2 0 1 5 P r o v i s i o n Q L D F i n a n c i a l As s u r a n ce C a l c u l a t o r R y k a a r t e t a l . m i d - r a n g e e s t i m a t e


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Co st E st i m a t e S o u r c e D e t a i l s

Oz Minerals Escalation in Closure Provisions

A 2006 study by Rykaart, Hockley, Noel and Paul10

surveyed the cost of covers across 16 countries

including Australia. In regards to covers designed

to adequately manage mine waste by reducing

infiltration, they found that a simple, single layer

cover can cost up to $US100,000 per hectare

whereas complex multi-layer covers can cost up to

$US500,000 per hectare. Adjusted for inflation

and the exchange rate, this data suggests Oz

Minerals has underestimated the cost of cover

installation significantly. Based on an mid-range

cost of $US250,000 at an exchange rate of $.75

AUD/US, then the cost of covering the IWL

(assuming 888 hectares is approximately $A296m).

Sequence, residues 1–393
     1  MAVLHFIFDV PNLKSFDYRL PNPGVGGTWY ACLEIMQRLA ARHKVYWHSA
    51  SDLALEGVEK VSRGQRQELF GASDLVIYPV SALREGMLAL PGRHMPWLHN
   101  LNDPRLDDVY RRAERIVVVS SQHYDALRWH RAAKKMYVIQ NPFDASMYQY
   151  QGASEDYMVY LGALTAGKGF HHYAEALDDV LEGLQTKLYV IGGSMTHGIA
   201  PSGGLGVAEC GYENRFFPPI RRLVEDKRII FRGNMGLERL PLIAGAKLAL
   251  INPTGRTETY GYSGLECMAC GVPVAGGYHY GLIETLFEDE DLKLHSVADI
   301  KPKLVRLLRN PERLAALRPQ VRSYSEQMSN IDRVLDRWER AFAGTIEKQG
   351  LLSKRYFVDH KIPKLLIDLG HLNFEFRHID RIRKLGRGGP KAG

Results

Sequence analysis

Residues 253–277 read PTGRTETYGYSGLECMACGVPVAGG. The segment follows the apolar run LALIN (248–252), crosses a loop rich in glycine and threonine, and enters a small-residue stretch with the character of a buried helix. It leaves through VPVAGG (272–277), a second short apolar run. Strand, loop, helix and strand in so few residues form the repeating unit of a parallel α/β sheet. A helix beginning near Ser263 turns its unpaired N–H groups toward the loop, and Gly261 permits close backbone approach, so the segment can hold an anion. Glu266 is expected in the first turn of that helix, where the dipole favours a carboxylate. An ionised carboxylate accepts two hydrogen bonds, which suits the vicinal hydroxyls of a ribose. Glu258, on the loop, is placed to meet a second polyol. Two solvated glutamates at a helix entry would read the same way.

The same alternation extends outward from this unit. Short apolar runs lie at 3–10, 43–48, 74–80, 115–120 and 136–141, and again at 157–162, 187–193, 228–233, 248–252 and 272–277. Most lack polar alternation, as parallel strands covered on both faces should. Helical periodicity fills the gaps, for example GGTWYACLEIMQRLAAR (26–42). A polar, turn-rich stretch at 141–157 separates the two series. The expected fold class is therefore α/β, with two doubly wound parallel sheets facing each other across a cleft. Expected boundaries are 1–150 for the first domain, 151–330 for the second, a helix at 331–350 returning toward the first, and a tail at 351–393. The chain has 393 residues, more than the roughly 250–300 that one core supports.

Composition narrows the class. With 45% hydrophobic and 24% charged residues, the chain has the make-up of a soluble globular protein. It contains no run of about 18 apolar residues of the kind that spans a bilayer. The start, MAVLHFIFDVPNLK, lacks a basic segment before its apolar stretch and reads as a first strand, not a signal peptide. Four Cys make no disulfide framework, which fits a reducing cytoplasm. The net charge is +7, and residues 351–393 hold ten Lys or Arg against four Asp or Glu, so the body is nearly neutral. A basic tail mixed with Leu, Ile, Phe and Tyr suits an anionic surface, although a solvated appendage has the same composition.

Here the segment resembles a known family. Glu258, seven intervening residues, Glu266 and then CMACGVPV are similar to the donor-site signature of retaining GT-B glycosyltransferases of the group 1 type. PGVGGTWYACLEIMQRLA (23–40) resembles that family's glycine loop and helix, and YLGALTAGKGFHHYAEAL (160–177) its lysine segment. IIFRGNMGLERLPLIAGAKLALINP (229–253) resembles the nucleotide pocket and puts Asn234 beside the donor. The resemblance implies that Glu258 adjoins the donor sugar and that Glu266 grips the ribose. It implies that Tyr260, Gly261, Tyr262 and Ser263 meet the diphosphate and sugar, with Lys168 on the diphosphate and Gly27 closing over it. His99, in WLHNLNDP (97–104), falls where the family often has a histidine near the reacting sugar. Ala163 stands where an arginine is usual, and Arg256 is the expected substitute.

Basing the cover cost on a more conservative

estimate, the TSF cover default per hectare cost of

$A136,000 (used in the Queensland Government’s

financial assurance calculator), the cover cost for

the IWL comes in at $A120m.

Given these costs do not include dealing

with the water management in the pit void

in perpetuity, the underground operations

or the dismantling and rehabilitation of the

processing plant, the maintenance facilities,

administration, ROM pad, village, airstrip

and other costs, Oz Mineral’s closure provision is

$A30.9m, which appears to significantly

underestimate the closure liability. The impact

of a more realistic closure cost estimate on the

value of the company maybe material even

relative to its current equity capitalisation of